The academic structure for ecology, as a new science was established by geographers. The prominence of the discipline of geography in the nineteenth century, its contributions to other sciences, and its widespread interest for the general reader are seldom appreciated today. But geography in that period was a powerful cultural force; Humboldt, Lyell, and Darwin are only the most famous of its students. Strictly speaking, however, it was an aberrant group among geographers who first attempted to describe the topography of living things.

Throughout most of the nineteenth century, as today, the most familiar school of biogeography was the study of flora and fauna. Essentially this was a matter of compiling statistical data on the distribution of species around the world and then deriving from such data a system for classifying geographic regions. The floristic geographer was bound to be interested in the adaptations of organisms to their environments, a process that Haeckel included in the territory of ecology. But this interest was limited; the controlling purpose of the dominant school was taxonomic more than ecological. To reverse this order of priorities was precisely the intention of the lesser-known, rival school, which was at first known as "physiognomic," then "physiological," and finally as "ecological" geography. This school preferred to talk about the forms of "vegetation" and their determinants rather than about the distribution of the earth's plant species.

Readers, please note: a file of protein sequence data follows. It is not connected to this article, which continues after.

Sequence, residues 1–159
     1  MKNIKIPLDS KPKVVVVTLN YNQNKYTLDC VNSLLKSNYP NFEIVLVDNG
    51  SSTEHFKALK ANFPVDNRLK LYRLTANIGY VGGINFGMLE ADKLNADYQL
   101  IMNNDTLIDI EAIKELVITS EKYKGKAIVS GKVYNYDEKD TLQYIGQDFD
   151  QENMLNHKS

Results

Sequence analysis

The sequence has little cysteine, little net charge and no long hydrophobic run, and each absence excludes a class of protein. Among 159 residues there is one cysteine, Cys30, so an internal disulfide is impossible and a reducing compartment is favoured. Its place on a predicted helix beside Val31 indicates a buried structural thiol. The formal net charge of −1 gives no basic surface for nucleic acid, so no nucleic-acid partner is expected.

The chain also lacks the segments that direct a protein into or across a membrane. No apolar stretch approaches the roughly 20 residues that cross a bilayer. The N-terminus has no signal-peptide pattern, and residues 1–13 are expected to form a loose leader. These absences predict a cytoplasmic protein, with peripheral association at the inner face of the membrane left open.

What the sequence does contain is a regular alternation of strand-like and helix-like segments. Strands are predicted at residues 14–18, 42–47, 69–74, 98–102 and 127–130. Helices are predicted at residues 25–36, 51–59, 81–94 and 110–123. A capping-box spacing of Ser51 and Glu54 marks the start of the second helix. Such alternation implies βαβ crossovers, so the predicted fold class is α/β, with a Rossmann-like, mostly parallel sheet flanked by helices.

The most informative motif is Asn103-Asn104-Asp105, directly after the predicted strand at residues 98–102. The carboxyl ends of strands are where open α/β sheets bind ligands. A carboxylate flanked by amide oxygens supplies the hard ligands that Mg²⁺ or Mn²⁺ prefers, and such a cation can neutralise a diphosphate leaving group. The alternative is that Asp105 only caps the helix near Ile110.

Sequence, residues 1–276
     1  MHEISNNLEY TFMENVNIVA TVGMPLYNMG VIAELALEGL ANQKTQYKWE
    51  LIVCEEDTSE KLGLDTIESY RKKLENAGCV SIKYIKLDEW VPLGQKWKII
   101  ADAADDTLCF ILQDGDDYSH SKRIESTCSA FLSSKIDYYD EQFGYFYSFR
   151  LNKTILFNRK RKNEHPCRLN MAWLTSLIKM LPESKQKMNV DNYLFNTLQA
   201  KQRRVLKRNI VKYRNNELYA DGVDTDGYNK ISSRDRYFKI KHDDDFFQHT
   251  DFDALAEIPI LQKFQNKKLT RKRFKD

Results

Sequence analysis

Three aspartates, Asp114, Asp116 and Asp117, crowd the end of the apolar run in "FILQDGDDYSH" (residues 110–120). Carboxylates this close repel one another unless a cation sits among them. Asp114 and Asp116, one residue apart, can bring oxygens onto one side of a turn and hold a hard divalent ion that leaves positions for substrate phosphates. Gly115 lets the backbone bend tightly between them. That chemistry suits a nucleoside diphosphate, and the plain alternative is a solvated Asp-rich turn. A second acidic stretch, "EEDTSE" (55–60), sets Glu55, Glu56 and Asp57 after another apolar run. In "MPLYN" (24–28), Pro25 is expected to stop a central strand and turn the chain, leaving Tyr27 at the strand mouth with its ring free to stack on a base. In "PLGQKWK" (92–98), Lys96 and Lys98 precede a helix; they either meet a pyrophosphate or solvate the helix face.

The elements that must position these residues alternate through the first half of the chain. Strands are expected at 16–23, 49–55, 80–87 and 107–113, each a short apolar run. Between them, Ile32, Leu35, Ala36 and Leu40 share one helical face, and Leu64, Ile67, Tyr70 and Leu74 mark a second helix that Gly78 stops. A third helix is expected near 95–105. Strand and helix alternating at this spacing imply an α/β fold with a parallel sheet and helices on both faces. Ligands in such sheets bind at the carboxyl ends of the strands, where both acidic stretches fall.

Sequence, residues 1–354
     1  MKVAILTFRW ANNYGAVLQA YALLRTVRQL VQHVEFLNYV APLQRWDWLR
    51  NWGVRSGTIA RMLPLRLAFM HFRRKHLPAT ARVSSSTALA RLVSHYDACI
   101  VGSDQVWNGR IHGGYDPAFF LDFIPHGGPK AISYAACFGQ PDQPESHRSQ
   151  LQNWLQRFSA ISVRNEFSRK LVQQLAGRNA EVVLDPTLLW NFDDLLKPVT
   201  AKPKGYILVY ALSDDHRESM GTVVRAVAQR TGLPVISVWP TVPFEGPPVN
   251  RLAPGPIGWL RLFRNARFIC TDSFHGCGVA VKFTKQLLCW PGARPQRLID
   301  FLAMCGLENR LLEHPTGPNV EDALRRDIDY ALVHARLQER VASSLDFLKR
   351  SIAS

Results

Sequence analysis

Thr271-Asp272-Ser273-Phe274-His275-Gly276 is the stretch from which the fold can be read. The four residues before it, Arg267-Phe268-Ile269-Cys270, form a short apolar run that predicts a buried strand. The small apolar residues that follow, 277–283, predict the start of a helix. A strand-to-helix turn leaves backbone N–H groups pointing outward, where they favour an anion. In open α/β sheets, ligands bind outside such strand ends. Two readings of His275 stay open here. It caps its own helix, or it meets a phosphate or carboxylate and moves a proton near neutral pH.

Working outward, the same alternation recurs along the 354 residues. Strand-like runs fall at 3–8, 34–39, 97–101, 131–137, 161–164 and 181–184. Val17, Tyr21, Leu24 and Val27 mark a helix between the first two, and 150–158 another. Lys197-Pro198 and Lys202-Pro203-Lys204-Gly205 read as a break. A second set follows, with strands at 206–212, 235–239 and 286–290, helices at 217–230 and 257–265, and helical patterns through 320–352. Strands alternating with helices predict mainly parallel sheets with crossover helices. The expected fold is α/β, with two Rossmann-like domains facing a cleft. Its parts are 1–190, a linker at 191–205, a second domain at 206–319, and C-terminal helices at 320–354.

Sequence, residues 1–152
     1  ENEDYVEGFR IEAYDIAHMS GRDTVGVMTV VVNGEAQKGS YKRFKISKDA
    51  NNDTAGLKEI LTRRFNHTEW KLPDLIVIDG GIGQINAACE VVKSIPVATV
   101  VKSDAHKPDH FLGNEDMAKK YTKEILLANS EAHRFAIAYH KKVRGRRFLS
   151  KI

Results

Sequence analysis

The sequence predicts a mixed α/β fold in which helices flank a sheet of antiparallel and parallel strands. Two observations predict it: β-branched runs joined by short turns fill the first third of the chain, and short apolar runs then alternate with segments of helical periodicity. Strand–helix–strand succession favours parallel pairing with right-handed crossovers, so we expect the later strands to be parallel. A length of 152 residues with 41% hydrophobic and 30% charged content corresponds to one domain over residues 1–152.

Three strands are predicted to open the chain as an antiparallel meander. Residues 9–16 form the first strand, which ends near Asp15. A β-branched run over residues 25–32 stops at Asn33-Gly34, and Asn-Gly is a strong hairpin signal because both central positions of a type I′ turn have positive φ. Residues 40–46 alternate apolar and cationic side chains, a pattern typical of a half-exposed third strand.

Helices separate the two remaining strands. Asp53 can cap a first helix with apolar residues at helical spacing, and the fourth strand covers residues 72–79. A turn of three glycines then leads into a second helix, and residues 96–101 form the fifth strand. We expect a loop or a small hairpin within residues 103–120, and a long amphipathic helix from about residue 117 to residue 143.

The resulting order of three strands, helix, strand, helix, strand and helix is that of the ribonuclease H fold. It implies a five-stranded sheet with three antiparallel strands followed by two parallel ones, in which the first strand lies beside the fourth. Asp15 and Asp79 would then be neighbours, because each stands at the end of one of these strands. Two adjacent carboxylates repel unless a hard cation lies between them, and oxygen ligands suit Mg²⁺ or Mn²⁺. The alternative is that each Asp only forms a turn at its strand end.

The variety of life is an expression of geography. Geographical ranges of species vary in size from a few square metres to almost the entire globe. Geographical boundaries, beween species are determined by the local solar economy and the planetary; i.e. effects of climate and seasons and the effects of geomorphological events in Earth's history.

These two energy economies define local biogeographical systems which determine the evolution of species and the diversity of communities.
Biodiversity is now declining through the impact of human production systems. 'Conservation' is the local response to preserve and enhance geographical variety amongst living things.